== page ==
I have devoted a significant portion of my 30 years as an educator to developing study skills curriculums and instructional materials, and to training teachers how to teach study skills. From this experience, I have come to observe the following: •Study skills instruction must be hierarchical. Students cannot learn good note taking techniques if they do not already have good main idea skills. They cannot develop good textbook reading and highlighting skills if they do not have basic pre-reading skills. Each advanced skill has its foundation in the basic skills or organization, recognizing and formulating main ideas, summarizing, and basic note taking from written sources. If these basic skills are not practiced and mastered, the foundation will be weak and the student will not be able to master the more advanced skills of textbook use, note taking from lectures, test preparation, or report writing.

  • Some type of organized notebook system is essential. It should consist of specifics for taking down assignments, communicating with parents about homework, storing notes and handouts on a weekly and long-term basis, and time-planning strategies. The broader the notebook system can be applied, the more successful it will be (i.e., use across a whole school is better than use by just one teacher).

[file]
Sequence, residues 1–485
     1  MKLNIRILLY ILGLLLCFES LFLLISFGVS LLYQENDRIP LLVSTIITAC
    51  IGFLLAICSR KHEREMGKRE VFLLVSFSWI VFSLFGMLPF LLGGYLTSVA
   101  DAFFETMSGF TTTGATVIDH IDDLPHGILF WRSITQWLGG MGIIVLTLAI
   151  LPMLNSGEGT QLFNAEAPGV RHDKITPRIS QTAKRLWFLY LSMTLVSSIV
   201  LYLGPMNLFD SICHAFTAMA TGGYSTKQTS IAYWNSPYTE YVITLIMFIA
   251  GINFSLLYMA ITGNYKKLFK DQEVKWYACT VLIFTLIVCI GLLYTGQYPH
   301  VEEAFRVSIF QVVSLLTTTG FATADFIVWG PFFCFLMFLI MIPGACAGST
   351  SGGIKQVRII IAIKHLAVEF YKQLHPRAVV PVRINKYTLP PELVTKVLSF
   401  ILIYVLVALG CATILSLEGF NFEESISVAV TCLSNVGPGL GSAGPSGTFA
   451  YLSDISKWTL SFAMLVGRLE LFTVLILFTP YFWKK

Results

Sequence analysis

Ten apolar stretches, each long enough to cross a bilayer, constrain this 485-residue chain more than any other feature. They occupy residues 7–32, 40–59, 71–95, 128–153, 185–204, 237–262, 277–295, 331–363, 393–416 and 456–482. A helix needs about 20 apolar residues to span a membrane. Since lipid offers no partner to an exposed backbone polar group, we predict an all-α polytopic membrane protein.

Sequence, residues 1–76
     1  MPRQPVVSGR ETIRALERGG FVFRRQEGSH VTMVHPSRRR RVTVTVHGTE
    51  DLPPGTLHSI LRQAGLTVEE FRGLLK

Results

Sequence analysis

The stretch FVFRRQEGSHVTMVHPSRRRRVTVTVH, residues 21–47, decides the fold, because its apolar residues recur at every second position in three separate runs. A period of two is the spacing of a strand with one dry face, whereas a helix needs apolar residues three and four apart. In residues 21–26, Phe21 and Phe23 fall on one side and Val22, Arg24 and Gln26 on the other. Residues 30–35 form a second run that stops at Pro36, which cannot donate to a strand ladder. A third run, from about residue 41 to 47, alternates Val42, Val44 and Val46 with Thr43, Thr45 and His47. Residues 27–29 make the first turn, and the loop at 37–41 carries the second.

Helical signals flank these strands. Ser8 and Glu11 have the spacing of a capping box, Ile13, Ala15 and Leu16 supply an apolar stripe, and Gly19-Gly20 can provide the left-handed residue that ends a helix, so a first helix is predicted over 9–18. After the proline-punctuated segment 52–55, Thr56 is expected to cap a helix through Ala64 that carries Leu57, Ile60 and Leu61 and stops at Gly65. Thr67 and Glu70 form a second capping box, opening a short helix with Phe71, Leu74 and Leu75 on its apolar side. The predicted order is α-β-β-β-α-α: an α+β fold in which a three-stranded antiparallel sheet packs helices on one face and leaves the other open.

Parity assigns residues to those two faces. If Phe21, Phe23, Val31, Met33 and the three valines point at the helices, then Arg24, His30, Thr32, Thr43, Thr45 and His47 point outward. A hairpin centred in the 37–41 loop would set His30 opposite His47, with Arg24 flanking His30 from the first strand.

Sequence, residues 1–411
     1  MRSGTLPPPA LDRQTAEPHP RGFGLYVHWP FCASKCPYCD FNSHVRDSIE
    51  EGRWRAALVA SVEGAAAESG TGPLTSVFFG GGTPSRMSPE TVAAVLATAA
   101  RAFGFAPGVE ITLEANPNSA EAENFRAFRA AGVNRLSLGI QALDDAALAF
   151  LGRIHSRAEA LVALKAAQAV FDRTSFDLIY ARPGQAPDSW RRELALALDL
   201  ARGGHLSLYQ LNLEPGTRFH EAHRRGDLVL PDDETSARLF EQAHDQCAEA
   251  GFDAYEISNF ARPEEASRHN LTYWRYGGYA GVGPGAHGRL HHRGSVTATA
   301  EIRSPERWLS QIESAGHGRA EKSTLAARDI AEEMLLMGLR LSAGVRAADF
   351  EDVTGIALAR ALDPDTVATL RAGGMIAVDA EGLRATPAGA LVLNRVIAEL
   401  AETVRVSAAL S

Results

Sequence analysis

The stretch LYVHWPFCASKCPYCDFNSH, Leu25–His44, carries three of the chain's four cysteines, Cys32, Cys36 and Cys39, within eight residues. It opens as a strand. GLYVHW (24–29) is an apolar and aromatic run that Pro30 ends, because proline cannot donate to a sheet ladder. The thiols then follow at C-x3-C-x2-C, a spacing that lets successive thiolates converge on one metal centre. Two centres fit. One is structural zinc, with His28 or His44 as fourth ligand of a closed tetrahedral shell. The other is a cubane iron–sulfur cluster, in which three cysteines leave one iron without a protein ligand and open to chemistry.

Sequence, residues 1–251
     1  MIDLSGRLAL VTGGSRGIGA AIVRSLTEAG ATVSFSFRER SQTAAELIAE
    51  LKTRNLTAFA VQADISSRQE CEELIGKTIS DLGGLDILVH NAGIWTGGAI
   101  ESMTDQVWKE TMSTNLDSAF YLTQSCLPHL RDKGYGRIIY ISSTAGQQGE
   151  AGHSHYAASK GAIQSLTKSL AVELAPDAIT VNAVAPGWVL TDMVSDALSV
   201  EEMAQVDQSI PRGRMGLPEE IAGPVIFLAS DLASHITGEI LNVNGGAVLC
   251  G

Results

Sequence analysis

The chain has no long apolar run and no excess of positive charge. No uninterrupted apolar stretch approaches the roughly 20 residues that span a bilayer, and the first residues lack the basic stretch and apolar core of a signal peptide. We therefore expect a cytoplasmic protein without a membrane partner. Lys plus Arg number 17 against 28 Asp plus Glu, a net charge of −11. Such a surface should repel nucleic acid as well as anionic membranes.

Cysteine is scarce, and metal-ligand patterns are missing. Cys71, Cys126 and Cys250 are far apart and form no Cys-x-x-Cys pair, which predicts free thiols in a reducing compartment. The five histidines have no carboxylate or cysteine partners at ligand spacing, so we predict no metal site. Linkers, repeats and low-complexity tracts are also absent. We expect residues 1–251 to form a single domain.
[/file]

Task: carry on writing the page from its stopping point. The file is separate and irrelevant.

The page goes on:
• Study skills can and should be taught in regular content classrooms. Study skills that are taught in isolated, study skills classes generally do not cross over into use in classrooms. Student can practice skills using special skill workbooks, but when they move to their history or science class, they do not know how to apply those skills to their class work. With practice, teachers can incorporate study skills instruction and practice as they cover general content material.
  • Study skills should be modeled and practiced in class. For example, as teachers present oral information, they should show the students how to take notes on the chalkboard or hand out sample notes to follow. Homework assignments are perfect times for having students apply main idea, summarizing and note taking skills.

 

An improved educational experience

While it is not a panacea for every academic problem, study skills instruction can improve the educational experience for many students and their teachers. With study skills intact, students become more confident and organized, strengthen their memories, and have a plan of attack for getting their class assignments and homework done.

Joan Sedita, M.Ed. is the director of Sedita Learning Strategies in Boxford, Massachusetts, a private consulting and teacher training service. Joan is an experienced educator, nationally recognized speaker and teacher trainer. She has worked for over 30 years in the education field and has presented to thousands of teachers, parents, and related professionals at schools, colleges, clinics, and professional organizations throughout the United States. Joan specializes in developing curriculum, teaching materials, and professional development in the following areas: reading, language arts, writing, study skills, and learning disabilities.

This article is posted on ldworldwide.org by permission from Joan Sedita, www.seditalearning.com.